For the time being my daughter thinks everything in English is 'cool'. So we started math in English, except it's not 'just' math in English.
Apparently the program is totally, totally different from the Belgian one. I bought Math Mammoth, the Blue Series, which means we can work per topic and not by grade. The advantage sure is we can progress faster on the topics she likes and take it easy on the topics that won't work (like fractions). We also have to review everything, because even the approach/teaching method itself is different most of the time and some stuff is new.
Anyway, there are a lot of things that we, Belgians, don't learn in elementary school (16th grade). If I have a correct overview, new to us is statistics and probability, and the overall level reached in the American 6th grade would be the level in our 8th grade with some things never even learned depending on what you study after 6th grade. Statistics and probability (even the basics) are also only for the happy few in the most 'mathy' directions. I must say I'm impressed.
So what's my question? Could someone please explain the difference between K6 and K8 curricula? Is K8 more elaborate, does it contain more exercises or does it offer more than that? And what afterwards? I read there's something like prealgebra. Maybe that's the difference between K6 and K8?
I also don't understand what prealgebra is. I have seen exercises in 6th grade that  to a Belgian  would qualify as algebra.
I'd be happy with the answer to those questions, but if someone has some spare time left, I'm also wondering what happens after 8th grade. I've read there's 2 years of algebra, 1 of geometry/trigonometry and 1 I can't remember.
Thanks for the help!
Belgians learning math 'the American way'
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From what I remember (and it differs quite a bit from curriculum to curriculum) preAlgebra is basically just simple Algebraan introduction to working with variables, solving for x, and things of that nature. No huge differences, except you don't get into more complex things like the quadratic formula until you hit Algebra.
I'm not too sure about K6 vs. K8, but I know that after year 8, math topics generally go like this:
Algebra 1
Geometry
Algebra 2
PreCalculus and/or Trigonometry (sometimes they're treated together)
Sometimes Geometry comes first and then you get both Algebras in a row, but I think that's pretty much the standard when it comes to high school math.
Hope this helps!
I'm not too sure about K6 vs. K8, but I know that after year 8, math topics generally go like this:
Algebra 1
Geometry
Algebra 2
PreCalculus and/or Trigonometry (sometimes they're treated together)
Sometimes Geometry comes first and then you get both Algebras in a row, but I think that's pretty much the standard when it comes to high school math.
Hope this helps!
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Unlesss you're going the more classical route, a full course on geometry is in my opinion unnecessary, since there's enough geometry mixed into Algebra and everything that comes after for you to make do. Similarly, Algebra II and the early parts of Calculus contain enough Trig / PreCalc for you to skip doing those as separate courses unless you really happen to enjoy the material. This could of course vary based on course material, but I personally went straight from elementary math (assorted textbooks, drill practice) to Algebra I and II (Saxon) and from there straight to Calculus I, II, and III (college textbooks for I and II, took a community college course for III). I did take Discrete Math and Statistics as separate courses, but those were collegelevel courses with advanced material. What you're probably talking about is simple probability, things like "If you have 6 red buttons and 7 blue buttons and randomly pick two, what are the chances both are red?", or maybe how to read a graph.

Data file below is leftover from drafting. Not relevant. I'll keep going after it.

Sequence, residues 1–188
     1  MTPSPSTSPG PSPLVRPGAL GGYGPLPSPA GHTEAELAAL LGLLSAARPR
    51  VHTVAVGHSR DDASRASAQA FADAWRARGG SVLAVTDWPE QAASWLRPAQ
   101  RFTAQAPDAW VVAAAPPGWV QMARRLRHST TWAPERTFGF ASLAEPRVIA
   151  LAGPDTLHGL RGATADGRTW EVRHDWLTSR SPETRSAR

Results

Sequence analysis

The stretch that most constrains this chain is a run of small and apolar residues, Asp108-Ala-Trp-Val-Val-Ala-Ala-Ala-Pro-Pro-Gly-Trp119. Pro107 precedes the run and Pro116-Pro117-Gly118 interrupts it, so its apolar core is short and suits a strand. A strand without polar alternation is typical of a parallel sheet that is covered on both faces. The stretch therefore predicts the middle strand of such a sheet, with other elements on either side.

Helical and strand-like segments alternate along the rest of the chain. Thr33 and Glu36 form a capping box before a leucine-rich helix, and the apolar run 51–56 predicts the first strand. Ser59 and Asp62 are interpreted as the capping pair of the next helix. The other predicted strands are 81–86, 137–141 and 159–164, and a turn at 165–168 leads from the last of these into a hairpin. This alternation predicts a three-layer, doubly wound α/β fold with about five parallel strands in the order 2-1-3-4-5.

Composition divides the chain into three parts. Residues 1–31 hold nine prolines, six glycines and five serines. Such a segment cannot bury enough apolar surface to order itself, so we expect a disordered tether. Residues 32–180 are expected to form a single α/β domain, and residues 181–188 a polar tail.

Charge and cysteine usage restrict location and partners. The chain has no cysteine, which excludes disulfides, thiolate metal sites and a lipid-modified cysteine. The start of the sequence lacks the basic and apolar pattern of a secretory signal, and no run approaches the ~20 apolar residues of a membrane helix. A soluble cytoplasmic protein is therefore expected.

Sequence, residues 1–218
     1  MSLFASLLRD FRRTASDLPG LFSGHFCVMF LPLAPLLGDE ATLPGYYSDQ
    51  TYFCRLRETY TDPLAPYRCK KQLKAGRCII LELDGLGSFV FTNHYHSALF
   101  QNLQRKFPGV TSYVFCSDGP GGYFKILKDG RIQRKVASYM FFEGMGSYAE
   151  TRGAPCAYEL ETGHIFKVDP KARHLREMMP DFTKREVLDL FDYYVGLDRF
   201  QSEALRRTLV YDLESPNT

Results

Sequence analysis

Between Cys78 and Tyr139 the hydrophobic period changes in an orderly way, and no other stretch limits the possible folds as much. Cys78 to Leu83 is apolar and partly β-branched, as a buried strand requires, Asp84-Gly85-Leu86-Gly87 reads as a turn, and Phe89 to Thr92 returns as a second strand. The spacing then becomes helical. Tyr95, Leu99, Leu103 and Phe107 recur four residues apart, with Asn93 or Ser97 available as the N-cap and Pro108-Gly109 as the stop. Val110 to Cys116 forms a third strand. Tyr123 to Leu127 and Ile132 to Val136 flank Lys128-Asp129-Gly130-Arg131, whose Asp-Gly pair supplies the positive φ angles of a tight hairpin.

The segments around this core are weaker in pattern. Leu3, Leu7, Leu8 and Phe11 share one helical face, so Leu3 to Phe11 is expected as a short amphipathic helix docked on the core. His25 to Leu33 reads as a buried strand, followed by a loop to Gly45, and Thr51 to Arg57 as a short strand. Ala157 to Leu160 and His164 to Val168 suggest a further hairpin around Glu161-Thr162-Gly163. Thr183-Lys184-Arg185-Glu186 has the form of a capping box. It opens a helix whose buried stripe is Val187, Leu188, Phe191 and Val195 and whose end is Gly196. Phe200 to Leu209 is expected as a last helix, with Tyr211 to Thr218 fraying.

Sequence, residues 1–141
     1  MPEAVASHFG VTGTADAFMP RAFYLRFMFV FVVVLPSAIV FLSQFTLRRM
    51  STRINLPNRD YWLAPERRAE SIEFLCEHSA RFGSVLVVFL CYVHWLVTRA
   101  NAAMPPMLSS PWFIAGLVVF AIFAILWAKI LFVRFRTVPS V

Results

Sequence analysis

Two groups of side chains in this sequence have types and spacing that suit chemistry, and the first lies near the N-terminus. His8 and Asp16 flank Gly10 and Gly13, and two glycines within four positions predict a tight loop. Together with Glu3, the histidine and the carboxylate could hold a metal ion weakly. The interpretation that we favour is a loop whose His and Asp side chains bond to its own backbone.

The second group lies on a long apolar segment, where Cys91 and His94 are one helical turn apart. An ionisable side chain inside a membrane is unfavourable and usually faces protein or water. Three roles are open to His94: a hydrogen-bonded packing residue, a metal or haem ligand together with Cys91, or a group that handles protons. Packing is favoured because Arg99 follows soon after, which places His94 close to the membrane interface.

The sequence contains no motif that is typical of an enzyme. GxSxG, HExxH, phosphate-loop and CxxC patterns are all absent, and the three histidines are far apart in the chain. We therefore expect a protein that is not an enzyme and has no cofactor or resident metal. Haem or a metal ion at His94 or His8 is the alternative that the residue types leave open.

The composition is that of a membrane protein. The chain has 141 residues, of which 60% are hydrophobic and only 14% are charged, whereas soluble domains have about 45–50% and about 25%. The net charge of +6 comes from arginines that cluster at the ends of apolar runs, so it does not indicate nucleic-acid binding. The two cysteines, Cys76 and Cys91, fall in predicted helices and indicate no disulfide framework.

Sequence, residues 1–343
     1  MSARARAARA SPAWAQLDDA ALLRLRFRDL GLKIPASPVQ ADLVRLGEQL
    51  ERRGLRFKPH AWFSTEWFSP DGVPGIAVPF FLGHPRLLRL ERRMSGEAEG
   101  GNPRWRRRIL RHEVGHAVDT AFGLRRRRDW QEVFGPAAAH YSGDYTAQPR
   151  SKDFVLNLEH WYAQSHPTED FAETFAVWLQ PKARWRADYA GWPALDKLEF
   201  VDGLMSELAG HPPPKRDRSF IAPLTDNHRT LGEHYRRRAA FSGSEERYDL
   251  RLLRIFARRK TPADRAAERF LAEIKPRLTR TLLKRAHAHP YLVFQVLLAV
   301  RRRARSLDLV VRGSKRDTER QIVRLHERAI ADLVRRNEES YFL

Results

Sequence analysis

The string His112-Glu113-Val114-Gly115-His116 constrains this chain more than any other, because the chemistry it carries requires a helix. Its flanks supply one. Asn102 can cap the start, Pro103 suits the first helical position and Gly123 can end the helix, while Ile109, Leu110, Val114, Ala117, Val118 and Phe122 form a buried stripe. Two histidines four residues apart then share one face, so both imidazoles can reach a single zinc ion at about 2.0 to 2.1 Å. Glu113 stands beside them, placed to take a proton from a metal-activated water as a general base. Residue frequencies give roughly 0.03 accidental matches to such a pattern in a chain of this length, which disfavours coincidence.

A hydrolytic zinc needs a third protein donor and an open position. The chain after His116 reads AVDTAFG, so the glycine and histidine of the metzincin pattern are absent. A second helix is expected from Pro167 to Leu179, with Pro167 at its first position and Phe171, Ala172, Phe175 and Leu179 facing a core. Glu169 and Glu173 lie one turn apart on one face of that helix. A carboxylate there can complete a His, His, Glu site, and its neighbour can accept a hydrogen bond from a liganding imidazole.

You might want to call it 'simple probability', but over here the majority of students never know what that is. At best, they learn about it starting in 9th grade, but only if they are in heavy math directions.
It's all really confusing to me. I don't have problems with the matter itself, but we're just not used to this order, which means although my daughter is supposed to be in 5th grade  we have to start over from the beginning. And I want to get it right. I'm sick of buying books that go unused!
So, if prealgebra is nothing more than solving for x, you could skip prealgebra? If your kid 'gets' it, of course. Same thing apparently for precalculus.
About geometry, you would only take that course if you would need it later on for college? I guess American children aren't all studying the same things at the same level till they're 18? Our children get to choose after 8th grade (or 6th grade). They might just as well choose a profession for which they really don't need advanced math.
Can I assume all children get the same math till 8th grade?